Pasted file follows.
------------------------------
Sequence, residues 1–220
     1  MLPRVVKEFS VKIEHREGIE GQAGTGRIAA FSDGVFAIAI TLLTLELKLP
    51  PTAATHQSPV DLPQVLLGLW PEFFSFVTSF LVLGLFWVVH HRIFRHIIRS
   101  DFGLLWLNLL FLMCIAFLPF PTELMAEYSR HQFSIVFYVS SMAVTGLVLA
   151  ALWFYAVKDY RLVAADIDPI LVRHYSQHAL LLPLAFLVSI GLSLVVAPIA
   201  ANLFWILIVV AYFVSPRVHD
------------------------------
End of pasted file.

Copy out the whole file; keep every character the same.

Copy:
Sequence, residues 1–220
     1  MLPRVVKEFS VKIEHREGIE GQAGTGRIAA FSDGVFAIAI TLLTLELKLP
    51  PTAATHQSPV DLPQVLLGLW PEFFSFVTSF LVLGLFWVVH HRIFRHIIRS
   101  DFGLLWLNLL FLMCIAFLPF PTELMAEYSR HQFSIVFYVS SMAVTGLVLA
   151  ALWFYAVKDY RLVAADIDPI LVRHYSQHAL LLPLAFLVSI GLSLVVAPIA
   201  ANLFWILIVV AYFVSPRVHD